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Top legal brains judge law students’ hypothetical case

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Bermudian law students argued a hypothetical case in front of some of the Island’s top legal brains during an event in memory of late Puisne Judge Hector Barcilon.

The students took part in the moot in Supreme Court Three which was packed with their family and friends, judges and other members of the legal community on July 22.

The judges were Chief Justice Richard Ground, Director of Public Prosecutions Rory Field, and president of the Bar Association Delroy Duncan.

The hypothetical question was set by Jerome Lynch QC, a British defence lawyer who sometimes acts in high-profile cases in Bermuda. It centred on a fictional event; an appeal of the conviction of a Jamaican man for murdering a well-known member of the Parkside gang.

The students were split into teams, with one side arguing for the appeal, and the other side arguing against it. They had to consider issues such as provocation, self-defence and the effects of drugs and alcohol on the accused.

The winning team was the one arguing for the appeal, and was comprised of Terry-Lynn Griffiths, Cristen Simmons, Winfield Kevin Simpson and Keivon Simons.

Lawyer Jeffrey Elkinson, who organised the event, explained: “It’s a team made up of those who speak and those who research. Their parents and friends come along to watch and they have the opportunity to impress people who might be their employers.”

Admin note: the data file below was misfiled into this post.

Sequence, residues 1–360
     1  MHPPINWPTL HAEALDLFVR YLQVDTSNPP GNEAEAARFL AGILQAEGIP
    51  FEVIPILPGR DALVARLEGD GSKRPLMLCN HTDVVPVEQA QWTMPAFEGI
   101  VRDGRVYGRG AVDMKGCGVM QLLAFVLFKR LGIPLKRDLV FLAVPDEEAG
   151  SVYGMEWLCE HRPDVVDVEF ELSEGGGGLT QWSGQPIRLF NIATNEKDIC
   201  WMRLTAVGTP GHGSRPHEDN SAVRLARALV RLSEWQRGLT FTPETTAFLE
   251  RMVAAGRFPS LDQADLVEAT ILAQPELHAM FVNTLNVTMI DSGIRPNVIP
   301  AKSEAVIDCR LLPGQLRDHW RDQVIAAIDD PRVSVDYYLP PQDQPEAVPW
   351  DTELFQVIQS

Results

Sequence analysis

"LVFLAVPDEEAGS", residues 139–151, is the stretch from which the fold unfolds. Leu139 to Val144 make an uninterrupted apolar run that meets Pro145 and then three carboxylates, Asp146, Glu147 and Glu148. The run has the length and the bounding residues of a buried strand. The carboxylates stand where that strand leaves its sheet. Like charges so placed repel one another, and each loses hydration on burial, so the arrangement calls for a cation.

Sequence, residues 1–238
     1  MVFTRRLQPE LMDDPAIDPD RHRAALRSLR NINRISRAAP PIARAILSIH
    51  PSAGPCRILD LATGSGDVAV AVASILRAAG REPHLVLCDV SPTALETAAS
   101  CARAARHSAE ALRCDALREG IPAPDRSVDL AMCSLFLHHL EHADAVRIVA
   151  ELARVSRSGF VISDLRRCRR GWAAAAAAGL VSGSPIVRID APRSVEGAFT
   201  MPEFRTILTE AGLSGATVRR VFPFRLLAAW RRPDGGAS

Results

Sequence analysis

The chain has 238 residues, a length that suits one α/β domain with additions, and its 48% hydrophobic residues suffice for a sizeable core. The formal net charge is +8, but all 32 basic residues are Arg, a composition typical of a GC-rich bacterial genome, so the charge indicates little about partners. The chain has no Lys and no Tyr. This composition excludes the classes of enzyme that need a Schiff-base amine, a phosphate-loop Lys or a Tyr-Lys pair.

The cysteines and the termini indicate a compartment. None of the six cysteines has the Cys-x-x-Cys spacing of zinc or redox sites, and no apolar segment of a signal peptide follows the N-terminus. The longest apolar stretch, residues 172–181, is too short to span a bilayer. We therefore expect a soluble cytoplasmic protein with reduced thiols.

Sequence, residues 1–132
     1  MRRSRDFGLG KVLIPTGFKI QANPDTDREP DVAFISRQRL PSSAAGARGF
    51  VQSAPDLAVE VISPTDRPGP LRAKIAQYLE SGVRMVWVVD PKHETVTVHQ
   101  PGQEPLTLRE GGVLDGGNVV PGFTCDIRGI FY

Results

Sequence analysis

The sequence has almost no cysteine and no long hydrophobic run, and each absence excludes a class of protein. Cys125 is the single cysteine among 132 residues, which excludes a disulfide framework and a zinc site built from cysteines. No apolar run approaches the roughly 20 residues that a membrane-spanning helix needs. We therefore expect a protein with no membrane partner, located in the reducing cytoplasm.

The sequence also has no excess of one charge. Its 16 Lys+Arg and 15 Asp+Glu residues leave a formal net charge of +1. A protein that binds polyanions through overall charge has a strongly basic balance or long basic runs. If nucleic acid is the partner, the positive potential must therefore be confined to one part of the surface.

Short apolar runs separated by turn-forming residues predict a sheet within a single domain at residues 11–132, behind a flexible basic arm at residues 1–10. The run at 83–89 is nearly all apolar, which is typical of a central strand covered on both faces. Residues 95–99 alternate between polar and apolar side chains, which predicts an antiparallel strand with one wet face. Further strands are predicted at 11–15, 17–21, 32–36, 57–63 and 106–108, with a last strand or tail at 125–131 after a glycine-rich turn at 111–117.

The other team comprised of Samantha Saunders, Husayn Symonds, Arion Mapp and Jordan Knight.

Supplied picture: Left to right - Director of Public Prosecutions Rory Field, Chief Justice Richard Ground and winning team Terry-Lynn Griffiths, Cristen Simmons, Keivon Simons and President of the Bar Association Delroy Duncan. Missing from picture is Winfield Kevin Simpson of the winning team.
Supplied picture: Left to right - Director of Public Prosecutions Rory Field, Chief Justice Richard Ground and winning team Terry-Lynn Griffiths, Cristen Simmons, Keivon Simons and President of the Bar Association Delroy Duncan. Missing from picture is Winfield Kevin Simpson of the winning team.

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Published August 12, 2011 at 2:00 am (Updated August 12, 2011 at 9:28 am)

Top legal brains judge law students’ hypothetical case

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